Eco News Round up March 2022
With the current news climate, we want to shine a light on the more positive changes that are happening in the world today.
There are more trees than we thought
There are an estimated 73,300 species of tree on the earth.
To estimate the number of unknown tree species, scientists used the Turning frequency estimation, which was created by the codebreaker Alan Turner. The theory was developed by, the Taiwanese statistician Anne Chao, which was applied to the study of undetected species. This is turn helped researchers work out the occurrences of rare events, which in this case was unknown species of tree. Jingjing Liang, a lead author of the paper and professor of quantitative forest ecology at Purdue University in Indiana, US, said, counting all the species of trees worldwide would be like a puzzle. Despite this knowledge, there are still thousands of undiscovered tree species in the world.
Panama brings on new Law granting nature the ‘right to exist’
Panama has declared that nature has the ‘right to exist’ in new legislation. The legislation which will come into force in 2023, entails that the government’s future policies must respect and protect the rights of Panama’s ecosystems including, rivers, mangroves and tropical forests. This now means that Panama will have to consider the impact of its laws and policies on the natural world. Moreover, Panama is now legally, obligated to promote its rights of nature through foreign policies.
California’s Latest Effort to Reduce Climate Change
A new law in California has created the nation’s largest residential food waste recycling program. Food scraps now must be recycled, instead of being thrown away. It is a small change that will have a big impact on the waste that is produced. It is the second state in the country to establish a food waste recycling program.
Galapagos Islands: New species of giant tortoise discovered
A new species of Giant Tortoise has been discovered on the Galapagos Island. Researchers from Newcastle University and Yale University found that the DNA samples from museums did not match the torties living on the island now. Scientists compared the genetics of giant tortoises on the island now with tortoises bone samples from 1906 and found that they were different. This surprise indicated that they had found a new species. It was believed that the tortoise’s living on San Cristóbal, the fifth-largest island of the Galapagos all came from one single species called the Chelonoidis chathamensis. This new research may also suggest that other tortoises living on the island will be from a different species and not from the Chelonoidis chathamensis species.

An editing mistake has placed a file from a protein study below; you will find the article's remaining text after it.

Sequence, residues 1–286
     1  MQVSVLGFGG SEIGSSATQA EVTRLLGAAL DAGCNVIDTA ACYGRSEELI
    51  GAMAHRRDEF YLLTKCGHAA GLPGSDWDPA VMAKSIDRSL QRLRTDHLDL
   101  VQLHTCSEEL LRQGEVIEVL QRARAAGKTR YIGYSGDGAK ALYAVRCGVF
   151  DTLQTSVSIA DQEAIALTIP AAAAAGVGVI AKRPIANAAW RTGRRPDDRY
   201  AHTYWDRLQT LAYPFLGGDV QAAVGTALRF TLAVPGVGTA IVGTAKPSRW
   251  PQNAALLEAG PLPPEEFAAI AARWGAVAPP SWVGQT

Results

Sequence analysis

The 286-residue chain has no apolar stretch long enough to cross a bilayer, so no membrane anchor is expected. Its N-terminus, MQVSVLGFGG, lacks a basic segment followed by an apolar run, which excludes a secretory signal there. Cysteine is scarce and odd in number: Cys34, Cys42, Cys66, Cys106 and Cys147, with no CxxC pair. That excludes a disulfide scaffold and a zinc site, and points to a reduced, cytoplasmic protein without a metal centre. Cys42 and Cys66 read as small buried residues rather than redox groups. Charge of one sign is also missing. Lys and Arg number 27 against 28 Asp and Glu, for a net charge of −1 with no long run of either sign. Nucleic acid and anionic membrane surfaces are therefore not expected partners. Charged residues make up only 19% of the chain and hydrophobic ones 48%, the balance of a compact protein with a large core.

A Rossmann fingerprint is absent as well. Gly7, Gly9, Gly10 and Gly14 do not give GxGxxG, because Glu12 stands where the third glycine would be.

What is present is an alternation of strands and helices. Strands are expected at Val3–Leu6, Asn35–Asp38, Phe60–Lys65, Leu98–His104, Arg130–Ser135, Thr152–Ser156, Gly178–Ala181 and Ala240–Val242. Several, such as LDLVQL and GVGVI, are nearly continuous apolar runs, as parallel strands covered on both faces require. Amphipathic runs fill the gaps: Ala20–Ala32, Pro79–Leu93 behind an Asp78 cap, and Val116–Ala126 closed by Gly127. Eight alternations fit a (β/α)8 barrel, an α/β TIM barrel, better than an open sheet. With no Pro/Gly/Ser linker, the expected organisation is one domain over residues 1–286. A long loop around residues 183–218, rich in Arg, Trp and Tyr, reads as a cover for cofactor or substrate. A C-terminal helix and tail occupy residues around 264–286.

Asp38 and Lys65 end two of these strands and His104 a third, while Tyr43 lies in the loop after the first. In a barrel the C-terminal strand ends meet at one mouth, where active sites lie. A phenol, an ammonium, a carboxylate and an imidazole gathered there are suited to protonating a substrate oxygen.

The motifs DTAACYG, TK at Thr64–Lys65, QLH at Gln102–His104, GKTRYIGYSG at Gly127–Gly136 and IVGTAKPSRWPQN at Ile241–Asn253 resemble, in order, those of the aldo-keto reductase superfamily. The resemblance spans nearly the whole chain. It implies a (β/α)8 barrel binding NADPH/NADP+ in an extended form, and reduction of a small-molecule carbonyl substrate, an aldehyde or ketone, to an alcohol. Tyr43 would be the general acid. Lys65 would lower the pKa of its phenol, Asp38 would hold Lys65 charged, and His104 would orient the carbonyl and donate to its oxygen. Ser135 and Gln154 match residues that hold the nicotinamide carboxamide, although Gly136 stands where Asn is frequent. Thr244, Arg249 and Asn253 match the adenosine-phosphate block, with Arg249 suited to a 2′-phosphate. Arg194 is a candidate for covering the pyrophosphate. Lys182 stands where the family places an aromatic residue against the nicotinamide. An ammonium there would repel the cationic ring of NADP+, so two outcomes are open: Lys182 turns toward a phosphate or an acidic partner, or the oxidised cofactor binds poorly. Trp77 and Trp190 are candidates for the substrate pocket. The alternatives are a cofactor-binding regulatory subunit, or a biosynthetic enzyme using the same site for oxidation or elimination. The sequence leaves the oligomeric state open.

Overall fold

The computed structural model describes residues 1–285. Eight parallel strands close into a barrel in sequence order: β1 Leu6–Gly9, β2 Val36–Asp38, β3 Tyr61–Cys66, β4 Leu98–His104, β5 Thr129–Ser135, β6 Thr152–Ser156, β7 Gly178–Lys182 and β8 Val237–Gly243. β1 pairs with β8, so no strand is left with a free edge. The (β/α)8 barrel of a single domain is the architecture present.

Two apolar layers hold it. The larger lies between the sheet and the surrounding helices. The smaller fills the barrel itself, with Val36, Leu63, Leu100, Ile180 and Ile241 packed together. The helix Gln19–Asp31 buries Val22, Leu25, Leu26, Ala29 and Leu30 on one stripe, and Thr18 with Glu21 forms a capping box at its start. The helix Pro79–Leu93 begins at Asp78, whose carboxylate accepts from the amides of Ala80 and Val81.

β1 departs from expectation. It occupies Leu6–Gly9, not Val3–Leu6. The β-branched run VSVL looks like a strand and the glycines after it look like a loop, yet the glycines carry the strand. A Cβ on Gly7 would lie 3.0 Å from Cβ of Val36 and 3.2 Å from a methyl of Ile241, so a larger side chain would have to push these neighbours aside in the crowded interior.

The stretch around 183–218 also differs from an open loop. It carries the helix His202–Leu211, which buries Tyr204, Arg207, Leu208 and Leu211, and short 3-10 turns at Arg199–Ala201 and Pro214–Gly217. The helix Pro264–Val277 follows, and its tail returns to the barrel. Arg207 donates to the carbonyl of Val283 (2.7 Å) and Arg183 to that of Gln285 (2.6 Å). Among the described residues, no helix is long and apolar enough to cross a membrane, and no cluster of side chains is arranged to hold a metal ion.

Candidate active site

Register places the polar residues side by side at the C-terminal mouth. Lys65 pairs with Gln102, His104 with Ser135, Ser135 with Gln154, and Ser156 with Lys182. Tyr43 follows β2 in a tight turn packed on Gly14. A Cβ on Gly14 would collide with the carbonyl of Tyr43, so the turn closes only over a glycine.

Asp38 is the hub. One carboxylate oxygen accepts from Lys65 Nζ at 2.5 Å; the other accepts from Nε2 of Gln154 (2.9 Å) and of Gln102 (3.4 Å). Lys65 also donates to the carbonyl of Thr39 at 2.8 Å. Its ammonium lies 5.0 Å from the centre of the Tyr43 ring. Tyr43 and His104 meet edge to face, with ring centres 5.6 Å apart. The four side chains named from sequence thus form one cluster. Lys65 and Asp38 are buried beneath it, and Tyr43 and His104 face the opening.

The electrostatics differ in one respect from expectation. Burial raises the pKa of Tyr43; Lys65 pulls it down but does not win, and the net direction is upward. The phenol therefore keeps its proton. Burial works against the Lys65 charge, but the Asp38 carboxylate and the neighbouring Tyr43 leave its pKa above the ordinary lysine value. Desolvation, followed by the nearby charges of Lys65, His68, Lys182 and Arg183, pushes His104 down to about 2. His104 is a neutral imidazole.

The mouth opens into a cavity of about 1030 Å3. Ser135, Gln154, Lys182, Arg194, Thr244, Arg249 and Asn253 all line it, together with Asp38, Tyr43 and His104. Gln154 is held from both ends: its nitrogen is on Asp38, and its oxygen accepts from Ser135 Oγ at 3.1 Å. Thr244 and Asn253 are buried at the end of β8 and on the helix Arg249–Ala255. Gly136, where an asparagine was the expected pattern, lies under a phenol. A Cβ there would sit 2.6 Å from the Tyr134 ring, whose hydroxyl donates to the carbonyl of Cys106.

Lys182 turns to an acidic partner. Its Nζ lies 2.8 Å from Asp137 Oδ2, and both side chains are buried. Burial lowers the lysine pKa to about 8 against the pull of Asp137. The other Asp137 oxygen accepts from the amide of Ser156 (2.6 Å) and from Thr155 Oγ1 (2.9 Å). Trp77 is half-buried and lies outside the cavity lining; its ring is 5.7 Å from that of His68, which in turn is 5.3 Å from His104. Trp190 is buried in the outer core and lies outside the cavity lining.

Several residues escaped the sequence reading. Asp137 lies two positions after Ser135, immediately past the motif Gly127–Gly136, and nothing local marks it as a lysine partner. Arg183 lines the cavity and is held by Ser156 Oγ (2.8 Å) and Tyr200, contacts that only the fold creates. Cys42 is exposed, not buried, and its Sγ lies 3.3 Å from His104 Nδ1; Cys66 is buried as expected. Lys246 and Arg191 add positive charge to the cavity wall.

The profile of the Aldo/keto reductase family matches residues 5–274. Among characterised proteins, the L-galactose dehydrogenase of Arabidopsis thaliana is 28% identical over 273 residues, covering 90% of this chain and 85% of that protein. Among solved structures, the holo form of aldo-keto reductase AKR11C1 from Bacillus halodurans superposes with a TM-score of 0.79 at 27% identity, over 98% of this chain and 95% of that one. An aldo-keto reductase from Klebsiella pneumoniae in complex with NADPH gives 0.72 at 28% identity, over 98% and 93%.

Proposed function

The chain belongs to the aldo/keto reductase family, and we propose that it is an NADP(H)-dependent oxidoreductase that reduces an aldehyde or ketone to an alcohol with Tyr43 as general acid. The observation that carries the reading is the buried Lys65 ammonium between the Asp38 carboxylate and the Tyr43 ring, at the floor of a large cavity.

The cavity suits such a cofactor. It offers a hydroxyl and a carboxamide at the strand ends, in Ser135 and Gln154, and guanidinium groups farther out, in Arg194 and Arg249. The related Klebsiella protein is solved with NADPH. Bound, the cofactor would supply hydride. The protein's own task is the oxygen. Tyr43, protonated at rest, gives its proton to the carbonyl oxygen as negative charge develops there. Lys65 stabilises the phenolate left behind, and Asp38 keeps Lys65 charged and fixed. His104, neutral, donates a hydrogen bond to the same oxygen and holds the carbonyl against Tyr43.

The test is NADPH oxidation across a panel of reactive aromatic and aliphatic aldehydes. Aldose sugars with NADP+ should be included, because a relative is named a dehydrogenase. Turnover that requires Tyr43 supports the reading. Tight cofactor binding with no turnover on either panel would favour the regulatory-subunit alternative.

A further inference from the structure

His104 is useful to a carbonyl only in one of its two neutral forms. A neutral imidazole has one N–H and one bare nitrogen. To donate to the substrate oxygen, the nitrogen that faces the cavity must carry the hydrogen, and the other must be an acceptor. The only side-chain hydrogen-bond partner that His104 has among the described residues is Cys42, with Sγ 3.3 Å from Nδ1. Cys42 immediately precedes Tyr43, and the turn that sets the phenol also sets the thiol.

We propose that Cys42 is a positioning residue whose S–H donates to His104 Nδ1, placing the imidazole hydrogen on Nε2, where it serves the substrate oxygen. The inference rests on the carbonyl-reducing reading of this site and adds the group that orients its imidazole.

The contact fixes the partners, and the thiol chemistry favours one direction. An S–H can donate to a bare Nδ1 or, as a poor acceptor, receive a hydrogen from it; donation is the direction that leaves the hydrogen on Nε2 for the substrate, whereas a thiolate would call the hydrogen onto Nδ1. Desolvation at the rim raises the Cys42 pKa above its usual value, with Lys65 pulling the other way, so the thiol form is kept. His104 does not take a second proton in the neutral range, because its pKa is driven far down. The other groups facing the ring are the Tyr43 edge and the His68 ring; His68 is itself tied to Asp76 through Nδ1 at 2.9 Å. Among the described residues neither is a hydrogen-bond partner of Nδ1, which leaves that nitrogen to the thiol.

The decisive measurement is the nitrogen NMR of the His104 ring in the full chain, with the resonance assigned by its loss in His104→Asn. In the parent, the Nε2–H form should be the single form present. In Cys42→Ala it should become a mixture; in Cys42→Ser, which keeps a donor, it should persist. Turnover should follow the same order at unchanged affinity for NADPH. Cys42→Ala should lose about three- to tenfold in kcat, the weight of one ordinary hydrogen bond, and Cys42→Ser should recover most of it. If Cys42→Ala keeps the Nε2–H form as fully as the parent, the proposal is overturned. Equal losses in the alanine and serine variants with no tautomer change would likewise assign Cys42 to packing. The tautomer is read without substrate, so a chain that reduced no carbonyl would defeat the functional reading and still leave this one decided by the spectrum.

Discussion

Jaguar leaps into battery deal
Jaguar Land Rover has partnered with Pramac to build a portable zero-emission energy storage unit powered by second-life Jaguar I-PACE batteries. Its batteries were engineered so they can be safely deployed in low energy situations once the battery health falls below the needs of an electric vehicle.
Bringing sustainable products and innovations together to achieve a circular economy.
Coffee cups-to-decking process found
A supply chain project, funded by the Welsh government, in collaboration with WRAP Cymru and Ecodek, has turned single-use coffee cups into waterproof building materials and decking. The two-year trial brought together several companies including, Nextek and Ecodek. WRAP is a non-profit charity that promotes and encourages sustainable resource use through product, design, recycling, and waste minimisation techniques. Ecodek created the world’s first composite decking made from ‘difficult to recycle’ coffee cups. Combined with metallised films such as those used in crisp packets. Ecodek’s decking has since 2002 been manufactured using 95% recycled and sustainably sourced products. The recycled decking uses 200 coffee cups per square metre.
China opens its first vertical forest city to residents
The Italian architect Stefano Boeri, in his latest project, has created an example of biophilic design work. Moreover, the forest city created will absorb around 20 tonnes of carbon dioxide every year while also emitting 10 tonnes of oxygen. This in turn creates better air pollution in highly densely populated areas and nurtures the environment we live in.
Green cities are the future of sustainable living, not only for nature but for humans as we can co-exist together, sustainably.
Over the past couple of years, there have been positive changes and advances in finding eco-friendly ways of living, doing business and creating energy. Small or big, they are still positive advances that should be celebrated.
Now we can all move towards living sustainably.
Read more Eco-News here